We’re Talking Tech

Lectra-3DWe think Nick Graham, co-founder of Joe Boxer, is a rock star. “The brand is the amusement park, the product is the souvenir,” he says. Well, we are in line to buy both tickets and souvenirs!

You can’t forget about the product! But how do you create a better product? It takes a good team and a good process, and technology has to be the backbone.

Technology is taking the fashion and retail world by storm, transforming the way we work in the design room, during production and at the point of sale.

Technology for design and pattern development is a good place to start but technology can’t compensate for a bad process. In fact, it only makes it worse! But a good process, one that marries retail, design and production from the beginning, for example, can take you from just an “okay” product to a fantastic one that both your customers and you love. One that fits and looks great, but also meets cost and time objectives. [Read more...]

Three Strikes and He’s Out!

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Spotty performance going into the recession and poor performance coming out.

Target Stores and its web business have been poorly positioned from a merchandise trend and strategic standpoint, and stores have been inexplicably and chronically poorly stocked. Empty shelves in a 200,000+ square foot discount store are as unappealing as dining in an empty restaurant. Frankly, it’s been a very long time since Target exhibited the “mojo” that successfully differentiated it from their competition.

Once upon a time Target was a hotbed of trend and value. Every endcap at the head or foot of every aisle used to tell an interesting story of fashion or value. And the stories were woven into a tapestry that worked as an expression of Target, the brand. No more. Today it looks, mostly, like just a lot of disconnected stuff. Just like Walmart. [Read more...]

Social Networks – Flipping Traditional Marketing on its Head

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Attention all: You are no longer in control of your marketing messages.

How many times, and in how many ways, have we declared that today’s consumer has total power over all of commerce? Hundreds? Thousands? I don’t know, but certainly enough that if there are any of our readers who still don’t get it, they need a brain transplant.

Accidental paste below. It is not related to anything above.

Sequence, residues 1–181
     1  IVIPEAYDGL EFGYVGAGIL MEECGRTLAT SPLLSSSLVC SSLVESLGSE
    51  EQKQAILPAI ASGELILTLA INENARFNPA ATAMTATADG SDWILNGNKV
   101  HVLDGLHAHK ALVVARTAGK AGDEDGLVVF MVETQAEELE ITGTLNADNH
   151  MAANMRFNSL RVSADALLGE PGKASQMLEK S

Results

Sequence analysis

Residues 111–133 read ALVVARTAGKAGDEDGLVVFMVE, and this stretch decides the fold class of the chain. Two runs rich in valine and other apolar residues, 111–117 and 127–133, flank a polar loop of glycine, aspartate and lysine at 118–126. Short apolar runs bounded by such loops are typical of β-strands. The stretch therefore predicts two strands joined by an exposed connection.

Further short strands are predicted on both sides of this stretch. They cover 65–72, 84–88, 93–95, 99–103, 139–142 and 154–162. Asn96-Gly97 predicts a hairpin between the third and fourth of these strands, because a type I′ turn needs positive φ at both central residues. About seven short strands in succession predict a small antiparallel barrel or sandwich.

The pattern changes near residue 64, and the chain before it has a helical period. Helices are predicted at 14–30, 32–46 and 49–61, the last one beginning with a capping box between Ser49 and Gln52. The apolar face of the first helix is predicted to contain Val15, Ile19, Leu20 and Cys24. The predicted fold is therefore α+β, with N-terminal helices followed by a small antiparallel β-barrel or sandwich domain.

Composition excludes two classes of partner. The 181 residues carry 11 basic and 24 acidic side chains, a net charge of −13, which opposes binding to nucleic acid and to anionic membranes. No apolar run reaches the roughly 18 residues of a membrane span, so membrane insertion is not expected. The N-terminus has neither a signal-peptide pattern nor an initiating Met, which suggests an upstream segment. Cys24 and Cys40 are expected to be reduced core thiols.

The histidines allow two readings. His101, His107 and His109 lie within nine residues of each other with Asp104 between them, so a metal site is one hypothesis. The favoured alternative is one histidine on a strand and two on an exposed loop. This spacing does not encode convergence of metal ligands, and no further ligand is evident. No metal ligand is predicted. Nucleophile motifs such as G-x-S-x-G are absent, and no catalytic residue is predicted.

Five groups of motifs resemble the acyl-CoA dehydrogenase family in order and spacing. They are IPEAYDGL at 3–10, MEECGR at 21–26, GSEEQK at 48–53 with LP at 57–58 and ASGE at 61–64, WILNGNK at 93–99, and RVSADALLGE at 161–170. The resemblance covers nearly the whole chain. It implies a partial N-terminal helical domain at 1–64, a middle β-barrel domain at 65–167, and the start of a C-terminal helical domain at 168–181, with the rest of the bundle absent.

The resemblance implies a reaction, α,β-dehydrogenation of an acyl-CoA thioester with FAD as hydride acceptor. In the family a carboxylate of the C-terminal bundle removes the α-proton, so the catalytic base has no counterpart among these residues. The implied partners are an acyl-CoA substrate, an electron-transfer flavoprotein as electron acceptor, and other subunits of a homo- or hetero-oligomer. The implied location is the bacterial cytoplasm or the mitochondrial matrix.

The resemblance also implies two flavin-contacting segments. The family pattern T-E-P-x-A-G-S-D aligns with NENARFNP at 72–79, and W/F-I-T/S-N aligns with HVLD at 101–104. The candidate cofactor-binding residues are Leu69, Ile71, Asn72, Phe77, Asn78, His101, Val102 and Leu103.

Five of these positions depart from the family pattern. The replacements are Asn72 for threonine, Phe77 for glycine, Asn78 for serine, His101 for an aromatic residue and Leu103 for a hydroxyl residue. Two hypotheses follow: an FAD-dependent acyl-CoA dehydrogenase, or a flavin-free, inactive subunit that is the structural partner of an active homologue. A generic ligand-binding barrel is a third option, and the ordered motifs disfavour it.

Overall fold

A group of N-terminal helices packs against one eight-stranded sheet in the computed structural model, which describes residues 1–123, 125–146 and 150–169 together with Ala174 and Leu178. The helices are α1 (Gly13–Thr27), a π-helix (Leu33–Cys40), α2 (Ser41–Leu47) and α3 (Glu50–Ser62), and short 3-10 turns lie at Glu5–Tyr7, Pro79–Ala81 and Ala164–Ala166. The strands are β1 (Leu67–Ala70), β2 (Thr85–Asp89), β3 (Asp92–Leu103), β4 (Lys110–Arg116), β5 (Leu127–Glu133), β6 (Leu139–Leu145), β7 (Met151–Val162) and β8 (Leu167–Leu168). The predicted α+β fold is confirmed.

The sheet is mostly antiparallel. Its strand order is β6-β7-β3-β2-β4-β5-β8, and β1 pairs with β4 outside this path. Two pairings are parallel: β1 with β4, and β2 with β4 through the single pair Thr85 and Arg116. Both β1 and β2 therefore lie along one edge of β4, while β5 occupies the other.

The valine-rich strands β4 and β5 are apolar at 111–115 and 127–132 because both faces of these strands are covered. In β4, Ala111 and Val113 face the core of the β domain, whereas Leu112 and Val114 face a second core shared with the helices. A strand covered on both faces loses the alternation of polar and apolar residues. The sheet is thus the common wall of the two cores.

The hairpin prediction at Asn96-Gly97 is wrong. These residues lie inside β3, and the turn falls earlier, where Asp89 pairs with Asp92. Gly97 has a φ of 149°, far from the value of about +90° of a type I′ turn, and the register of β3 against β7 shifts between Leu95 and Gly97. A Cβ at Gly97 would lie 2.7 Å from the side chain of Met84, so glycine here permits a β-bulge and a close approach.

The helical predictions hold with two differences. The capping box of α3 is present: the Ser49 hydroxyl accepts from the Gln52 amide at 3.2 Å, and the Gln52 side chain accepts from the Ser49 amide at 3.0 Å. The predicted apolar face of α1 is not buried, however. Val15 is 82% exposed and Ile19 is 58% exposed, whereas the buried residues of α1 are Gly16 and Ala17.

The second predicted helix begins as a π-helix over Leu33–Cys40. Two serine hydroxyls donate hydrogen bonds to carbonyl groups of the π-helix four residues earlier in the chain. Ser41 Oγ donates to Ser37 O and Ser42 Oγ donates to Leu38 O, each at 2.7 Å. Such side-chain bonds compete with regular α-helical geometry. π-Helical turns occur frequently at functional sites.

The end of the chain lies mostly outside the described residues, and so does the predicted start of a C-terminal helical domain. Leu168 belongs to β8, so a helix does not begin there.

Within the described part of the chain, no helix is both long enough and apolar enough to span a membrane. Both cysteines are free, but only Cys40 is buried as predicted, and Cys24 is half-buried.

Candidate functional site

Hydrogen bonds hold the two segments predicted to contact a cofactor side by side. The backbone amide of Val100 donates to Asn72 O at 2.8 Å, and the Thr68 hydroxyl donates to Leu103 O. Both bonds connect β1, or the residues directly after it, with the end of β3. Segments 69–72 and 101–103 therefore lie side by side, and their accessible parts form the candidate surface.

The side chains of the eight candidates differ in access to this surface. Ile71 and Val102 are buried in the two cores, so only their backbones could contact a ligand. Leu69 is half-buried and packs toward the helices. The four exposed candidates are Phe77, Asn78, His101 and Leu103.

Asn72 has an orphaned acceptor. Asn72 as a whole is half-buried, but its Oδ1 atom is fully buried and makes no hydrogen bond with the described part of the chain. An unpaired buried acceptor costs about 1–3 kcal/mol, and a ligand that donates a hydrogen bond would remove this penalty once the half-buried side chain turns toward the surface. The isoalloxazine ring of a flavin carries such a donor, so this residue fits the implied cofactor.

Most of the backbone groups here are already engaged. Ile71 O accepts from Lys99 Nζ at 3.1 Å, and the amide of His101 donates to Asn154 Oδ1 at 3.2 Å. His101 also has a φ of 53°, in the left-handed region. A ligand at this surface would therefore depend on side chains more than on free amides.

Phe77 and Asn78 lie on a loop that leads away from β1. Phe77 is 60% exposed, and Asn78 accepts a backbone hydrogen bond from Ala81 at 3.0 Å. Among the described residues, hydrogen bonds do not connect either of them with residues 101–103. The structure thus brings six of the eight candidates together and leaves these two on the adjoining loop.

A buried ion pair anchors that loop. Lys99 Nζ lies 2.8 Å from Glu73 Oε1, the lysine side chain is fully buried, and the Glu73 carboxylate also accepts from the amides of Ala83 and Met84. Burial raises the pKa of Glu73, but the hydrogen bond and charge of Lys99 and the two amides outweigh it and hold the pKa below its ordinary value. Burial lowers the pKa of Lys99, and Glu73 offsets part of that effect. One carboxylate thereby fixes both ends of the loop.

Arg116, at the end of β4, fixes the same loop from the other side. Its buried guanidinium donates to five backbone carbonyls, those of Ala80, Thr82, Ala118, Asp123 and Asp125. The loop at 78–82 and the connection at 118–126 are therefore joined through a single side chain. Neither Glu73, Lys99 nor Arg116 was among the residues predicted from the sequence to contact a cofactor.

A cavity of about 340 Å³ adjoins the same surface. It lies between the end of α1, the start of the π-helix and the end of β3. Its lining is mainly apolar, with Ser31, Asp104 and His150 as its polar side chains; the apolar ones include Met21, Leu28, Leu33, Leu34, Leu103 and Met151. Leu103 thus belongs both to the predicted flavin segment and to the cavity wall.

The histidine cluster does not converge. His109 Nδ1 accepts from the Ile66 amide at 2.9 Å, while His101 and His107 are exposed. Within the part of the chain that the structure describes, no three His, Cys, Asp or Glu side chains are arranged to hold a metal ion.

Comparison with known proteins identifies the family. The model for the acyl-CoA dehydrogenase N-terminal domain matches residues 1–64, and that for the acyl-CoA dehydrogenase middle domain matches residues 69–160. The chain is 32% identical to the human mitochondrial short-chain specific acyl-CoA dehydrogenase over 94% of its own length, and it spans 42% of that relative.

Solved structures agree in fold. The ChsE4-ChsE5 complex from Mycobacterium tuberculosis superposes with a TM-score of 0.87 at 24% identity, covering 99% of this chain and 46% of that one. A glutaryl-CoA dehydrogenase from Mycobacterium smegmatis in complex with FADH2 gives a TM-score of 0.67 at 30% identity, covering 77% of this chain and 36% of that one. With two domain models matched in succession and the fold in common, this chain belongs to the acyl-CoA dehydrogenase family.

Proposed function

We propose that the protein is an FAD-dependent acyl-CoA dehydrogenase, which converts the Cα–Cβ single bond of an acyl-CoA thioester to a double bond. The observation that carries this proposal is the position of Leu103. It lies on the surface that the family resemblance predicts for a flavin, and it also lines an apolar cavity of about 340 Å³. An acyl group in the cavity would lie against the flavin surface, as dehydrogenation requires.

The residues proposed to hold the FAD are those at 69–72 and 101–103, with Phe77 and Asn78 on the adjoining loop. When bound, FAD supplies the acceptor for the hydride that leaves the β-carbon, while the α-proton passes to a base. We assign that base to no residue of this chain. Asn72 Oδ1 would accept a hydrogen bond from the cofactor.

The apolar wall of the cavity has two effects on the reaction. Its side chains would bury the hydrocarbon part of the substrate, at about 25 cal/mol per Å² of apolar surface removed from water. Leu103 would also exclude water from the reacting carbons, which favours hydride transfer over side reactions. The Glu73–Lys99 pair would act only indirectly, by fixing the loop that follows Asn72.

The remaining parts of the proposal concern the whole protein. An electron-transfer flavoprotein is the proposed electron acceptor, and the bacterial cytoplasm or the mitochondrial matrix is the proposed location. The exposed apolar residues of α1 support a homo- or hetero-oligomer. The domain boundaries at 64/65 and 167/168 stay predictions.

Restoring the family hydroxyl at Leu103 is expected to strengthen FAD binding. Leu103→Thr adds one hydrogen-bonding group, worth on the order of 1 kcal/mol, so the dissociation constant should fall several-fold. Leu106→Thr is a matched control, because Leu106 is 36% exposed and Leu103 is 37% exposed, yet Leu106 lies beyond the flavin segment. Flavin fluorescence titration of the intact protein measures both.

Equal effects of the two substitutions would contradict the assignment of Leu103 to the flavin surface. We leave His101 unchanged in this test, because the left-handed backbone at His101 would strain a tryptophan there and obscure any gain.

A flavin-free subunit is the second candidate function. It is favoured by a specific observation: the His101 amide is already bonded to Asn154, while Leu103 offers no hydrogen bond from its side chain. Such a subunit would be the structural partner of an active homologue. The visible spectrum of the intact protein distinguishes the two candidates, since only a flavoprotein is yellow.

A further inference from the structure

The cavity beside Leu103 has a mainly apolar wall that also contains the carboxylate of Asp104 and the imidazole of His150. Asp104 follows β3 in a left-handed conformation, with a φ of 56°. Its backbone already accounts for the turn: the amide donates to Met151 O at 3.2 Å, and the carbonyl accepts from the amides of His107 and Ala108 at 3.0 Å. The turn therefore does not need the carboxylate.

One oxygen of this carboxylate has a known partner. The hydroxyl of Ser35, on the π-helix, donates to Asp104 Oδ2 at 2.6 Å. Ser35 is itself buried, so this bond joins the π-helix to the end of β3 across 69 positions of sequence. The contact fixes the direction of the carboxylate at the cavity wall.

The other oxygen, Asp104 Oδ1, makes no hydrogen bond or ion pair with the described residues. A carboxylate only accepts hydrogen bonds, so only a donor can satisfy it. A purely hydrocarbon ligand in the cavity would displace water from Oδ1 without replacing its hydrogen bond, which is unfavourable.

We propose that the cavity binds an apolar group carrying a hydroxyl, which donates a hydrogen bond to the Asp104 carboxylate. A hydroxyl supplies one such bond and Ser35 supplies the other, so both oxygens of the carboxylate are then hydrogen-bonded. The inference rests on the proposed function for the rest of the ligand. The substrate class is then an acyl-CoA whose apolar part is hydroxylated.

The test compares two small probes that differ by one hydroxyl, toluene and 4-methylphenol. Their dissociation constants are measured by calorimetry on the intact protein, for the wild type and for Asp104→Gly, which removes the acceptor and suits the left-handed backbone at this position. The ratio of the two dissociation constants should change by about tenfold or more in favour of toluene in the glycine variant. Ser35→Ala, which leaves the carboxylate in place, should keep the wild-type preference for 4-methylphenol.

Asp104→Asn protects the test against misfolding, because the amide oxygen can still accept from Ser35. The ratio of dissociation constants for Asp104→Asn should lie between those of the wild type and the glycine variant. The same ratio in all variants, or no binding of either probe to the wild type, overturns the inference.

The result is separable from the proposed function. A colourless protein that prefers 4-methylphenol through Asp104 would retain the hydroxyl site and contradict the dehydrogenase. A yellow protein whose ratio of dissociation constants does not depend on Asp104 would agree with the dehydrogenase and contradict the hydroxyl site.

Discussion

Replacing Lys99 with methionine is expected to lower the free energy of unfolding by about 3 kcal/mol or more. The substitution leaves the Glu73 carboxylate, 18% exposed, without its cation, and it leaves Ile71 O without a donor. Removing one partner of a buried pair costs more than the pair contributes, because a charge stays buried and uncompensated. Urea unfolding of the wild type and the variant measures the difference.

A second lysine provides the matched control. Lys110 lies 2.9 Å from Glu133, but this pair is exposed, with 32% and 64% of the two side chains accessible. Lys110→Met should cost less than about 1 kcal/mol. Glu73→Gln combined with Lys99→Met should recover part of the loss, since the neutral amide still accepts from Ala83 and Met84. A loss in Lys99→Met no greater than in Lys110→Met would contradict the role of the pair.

Just as retail, wholesale and service business models are being driven by consumers’ shifting desires, these same dynamics are driving an equally fundamental transformation in the communications, advertising and media industries.

Permission-Based Marketing

Reflecting consumer behavioral shifts, technological advances continue to expand an infinite number of distribution platforms for communications, products and services that can literally follow, and access, individual consumers 24/7. Unfortunately for marketers, technological innovations have allowed consumers to block what they don’t want entering their “personal spaces;” and also enable people to invite or grant permission to precisely what they do welcome. [Read more...]

Sales Force Transparency: You May Have an Olympian and Not Even Know It!

salesforceBy the time you’re reading this article, the 2014 Sochi Winter Olympics committee will have awarded its last trio of medals. The athletes will have boarded planes back to their respective home countries, and only the elite few will have cemented their places in Olympic history.

On a worldwide competitive stage like this one, the difference between immortality and obscurity is often a matter of microseconds. Events are won or lost by hundredths of a percentage point. And the single factor that separates the winners from the losers is precise and consistent measurement. Without it, the whole system falls apart at the seams.

So what does this have to do with retail? [Read more...]